یک مدل «تجربه خلاق» در گردشگری خلاق
|کد مقاله||سال انتشار||مقاله انگلیسی||ترجمه فارسی|
|2285||2013||22 صفحه PDF||29 صفحه WORD|
Publisher : Elsevier - Science Direct (الزویر - ساینس دایرکت)
Journal : Annals of Tourism Research, Volume 41, April 2013, Pages 153–174
روش های مطالعه
تجزیه و تحلیل و نتایج داده ها
This study explores the essence of ‘creativity’ in ‘creative tourism’ from a tourist perspective. Creative tourism is receiving an increasing amount of attention, although the concept remains rather vague, and more research is needed. Data was collected using in-depth interviews with tourists and observations at four ‘Creative Life Industry’ sites in Taiwan. Grounded theory approach was employed, and the findings show that ‘outer interactions’ and ‘inner reflections’ construct the model of tourists’ creative experience. The former refer to tourists’ interactions with ‘environment’, ‘people’, and ‘product/service/experience’, while the latter refer to ‘consciousness/awareness’, ‘needs’ and ‘creativity’, and these dimensions ‘interact’ in tourists’ inner-self throughout the experience. Moreover, ‘consciousness/awareness’ is a prerequisite for ‘creative experience’, differentiating it from other types of experiences.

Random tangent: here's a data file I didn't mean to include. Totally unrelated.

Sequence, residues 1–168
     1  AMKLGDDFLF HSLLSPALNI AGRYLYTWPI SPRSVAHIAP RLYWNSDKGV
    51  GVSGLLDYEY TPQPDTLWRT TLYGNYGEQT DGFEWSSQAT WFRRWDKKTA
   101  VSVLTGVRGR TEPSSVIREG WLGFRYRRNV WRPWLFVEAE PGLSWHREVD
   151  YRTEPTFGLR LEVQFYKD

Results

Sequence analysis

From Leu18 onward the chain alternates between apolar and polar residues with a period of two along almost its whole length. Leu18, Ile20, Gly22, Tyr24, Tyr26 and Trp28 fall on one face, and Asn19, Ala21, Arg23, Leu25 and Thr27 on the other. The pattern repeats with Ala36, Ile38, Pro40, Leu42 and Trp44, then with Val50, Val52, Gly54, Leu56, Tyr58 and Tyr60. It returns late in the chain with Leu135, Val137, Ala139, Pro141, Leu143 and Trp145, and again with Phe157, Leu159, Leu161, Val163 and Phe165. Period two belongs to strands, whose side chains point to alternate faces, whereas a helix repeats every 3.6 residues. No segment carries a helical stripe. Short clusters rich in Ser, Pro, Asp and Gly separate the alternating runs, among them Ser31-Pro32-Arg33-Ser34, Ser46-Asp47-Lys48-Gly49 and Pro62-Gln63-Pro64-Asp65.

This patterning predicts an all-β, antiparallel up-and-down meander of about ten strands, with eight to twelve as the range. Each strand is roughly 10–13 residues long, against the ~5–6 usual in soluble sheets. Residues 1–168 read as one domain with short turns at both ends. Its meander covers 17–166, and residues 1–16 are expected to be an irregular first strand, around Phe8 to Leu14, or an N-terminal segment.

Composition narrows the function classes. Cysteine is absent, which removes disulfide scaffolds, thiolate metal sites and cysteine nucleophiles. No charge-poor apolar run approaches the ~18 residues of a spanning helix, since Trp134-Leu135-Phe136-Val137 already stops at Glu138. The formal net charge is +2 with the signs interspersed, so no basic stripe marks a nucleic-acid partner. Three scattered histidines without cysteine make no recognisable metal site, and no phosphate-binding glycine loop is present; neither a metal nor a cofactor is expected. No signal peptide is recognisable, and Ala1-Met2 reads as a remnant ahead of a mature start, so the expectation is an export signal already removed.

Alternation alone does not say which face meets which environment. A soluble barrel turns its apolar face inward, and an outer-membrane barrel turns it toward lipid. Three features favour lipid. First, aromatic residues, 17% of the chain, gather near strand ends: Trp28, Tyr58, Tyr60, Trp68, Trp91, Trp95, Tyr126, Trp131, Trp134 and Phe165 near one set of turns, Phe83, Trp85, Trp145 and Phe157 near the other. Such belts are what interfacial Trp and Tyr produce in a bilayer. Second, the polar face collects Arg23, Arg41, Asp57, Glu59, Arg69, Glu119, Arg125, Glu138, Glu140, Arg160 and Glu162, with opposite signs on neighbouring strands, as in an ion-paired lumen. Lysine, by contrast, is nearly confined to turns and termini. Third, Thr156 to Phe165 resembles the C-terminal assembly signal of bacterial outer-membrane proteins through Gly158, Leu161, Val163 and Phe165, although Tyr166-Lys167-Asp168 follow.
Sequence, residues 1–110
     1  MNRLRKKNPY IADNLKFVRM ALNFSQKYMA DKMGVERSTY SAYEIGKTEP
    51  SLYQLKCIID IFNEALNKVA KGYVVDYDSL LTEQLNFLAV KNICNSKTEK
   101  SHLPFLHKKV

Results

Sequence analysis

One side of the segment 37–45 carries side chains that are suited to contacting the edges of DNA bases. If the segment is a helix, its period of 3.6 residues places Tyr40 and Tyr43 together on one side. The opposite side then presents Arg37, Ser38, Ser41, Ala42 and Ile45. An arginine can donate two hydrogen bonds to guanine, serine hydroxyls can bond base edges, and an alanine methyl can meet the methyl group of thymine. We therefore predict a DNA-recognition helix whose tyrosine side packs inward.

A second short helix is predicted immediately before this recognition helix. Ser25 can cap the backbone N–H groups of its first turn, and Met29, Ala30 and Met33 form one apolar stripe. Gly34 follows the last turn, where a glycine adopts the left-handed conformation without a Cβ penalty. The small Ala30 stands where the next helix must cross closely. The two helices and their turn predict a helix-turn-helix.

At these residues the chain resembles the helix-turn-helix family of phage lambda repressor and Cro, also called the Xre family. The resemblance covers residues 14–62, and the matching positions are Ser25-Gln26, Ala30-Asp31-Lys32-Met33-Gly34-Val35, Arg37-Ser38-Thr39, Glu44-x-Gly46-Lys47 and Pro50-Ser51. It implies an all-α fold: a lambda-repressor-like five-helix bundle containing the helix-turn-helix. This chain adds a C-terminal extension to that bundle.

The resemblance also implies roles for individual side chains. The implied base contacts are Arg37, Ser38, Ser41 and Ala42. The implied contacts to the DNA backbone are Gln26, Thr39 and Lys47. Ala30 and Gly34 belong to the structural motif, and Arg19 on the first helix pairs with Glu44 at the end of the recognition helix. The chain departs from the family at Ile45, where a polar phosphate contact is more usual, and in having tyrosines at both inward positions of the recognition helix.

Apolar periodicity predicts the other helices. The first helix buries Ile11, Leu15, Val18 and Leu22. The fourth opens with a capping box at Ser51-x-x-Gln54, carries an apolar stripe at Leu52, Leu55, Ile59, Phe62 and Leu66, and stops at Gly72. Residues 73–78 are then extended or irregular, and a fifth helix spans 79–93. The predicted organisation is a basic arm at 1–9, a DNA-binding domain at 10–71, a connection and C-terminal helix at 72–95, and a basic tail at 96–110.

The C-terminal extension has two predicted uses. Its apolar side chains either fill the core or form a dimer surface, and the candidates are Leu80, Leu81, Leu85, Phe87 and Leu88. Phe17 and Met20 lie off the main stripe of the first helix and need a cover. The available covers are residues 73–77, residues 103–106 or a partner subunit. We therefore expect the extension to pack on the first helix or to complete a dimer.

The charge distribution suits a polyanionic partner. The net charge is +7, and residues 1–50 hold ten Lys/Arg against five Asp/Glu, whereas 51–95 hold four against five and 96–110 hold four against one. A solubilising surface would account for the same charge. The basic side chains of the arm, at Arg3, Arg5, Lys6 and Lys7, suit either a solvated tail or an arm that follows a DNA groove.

The concept of creative tourism has been developed for a number of years in many countries, including New Zealand, Austria, Spain, Canada, the United States and Taiwan. Although different places have their own definitions of creative tourism, there are commonalities among them, such as ‘active participation’, ‘authentic experiences’, ‘creative potential development’, and ‘skills development’ (Richards, 2011). These experiences are mostly related to everyday life, and the ‘creativity-base’ of creative tourism includes traditional crafts/handicrafts-making, gastronomy, perfume-making, porcelain painting and dancing (Richards & Wilson, 2006). Even though creativity is seen as the base of creative tourism, the creative factors of creative tourism systems remain unexplored. Furthermore the current definitions of creative tourism are all supply-led, such as by tourism boards, service providers, and various industry practitioners, without considering the tourists’ viewpoint although tourists are seen as co-creators of the experiences. While it is undeniable that a supply-led perspective is important in this context, as most of these creative tourism businesses are operated by creative people such as artists, ‘lifestyle entrepreneurs’ or ‘cultural creatives’ (Anderson, 2009, Binkhorst, 2007, Maisel, 2009, Peters et al., 2009, Prentice and Andersen, 2007, Ray and Anderson, 2000 and Raymond, 2007), the views of consumers should not be ignored (Maisel, 2009, Maitland, 2007 and Raymond, 2009). As Kaufman and Baer (2012) ask, who decides what is creative? In fields such as psychology or design, creativity is always seen from the artist’s perspective. For example, how artists develop their artworks (Mace & Ward, 2002), the development of measurements of artistic creativity (Nelson & Rawlings, 2009), or the creative process of designing new products or new activities. However, these assessments of creativity are expert-based, and may not applicable for ordinary people, especially as these studies often examine artistic creative dimensions that are unreachable by lay people, such as tourists, who just want to enjoy something that is original or authentic in common life settings and related interactions. Although tourists are seen as playing active roles in co-creating their experiences while on vacation, industry practitioners still take the lead when it comes to designing and providing such activities (Raymond, 2009), with few studies considering what tourists actually want in this context. For example Maitland (2007) studies the roles of tourists and residents in creative cities, while Maisel (2009) acknowledges that many tourists desire experiences that are small, intimate and on a human-scale. Therefore, there is a need for more sophisticated analysis of creative tourism that draws on the tourist’s perspective, especially with regard to what exactly makes creative tourism creative, how is it different from other types of tourism, what are the basic building blocks of creative experiences, and how do these elements interact in creative tourism systems? This study thus aims to construct a model of ‘creative experience’ in creative tourism from the tourists’ perspective. By knowing how the creative process has been constructed, tourists can maximize their creative experience by searching for what they want from the range of creative tourism experiences on offer. Besides, industry practitioners also need to know more about the key elements that can increase the level of creativity in the creative experience process. Since there are relatively few studies examining these issues, the current research aims to address these gaps in the current literature.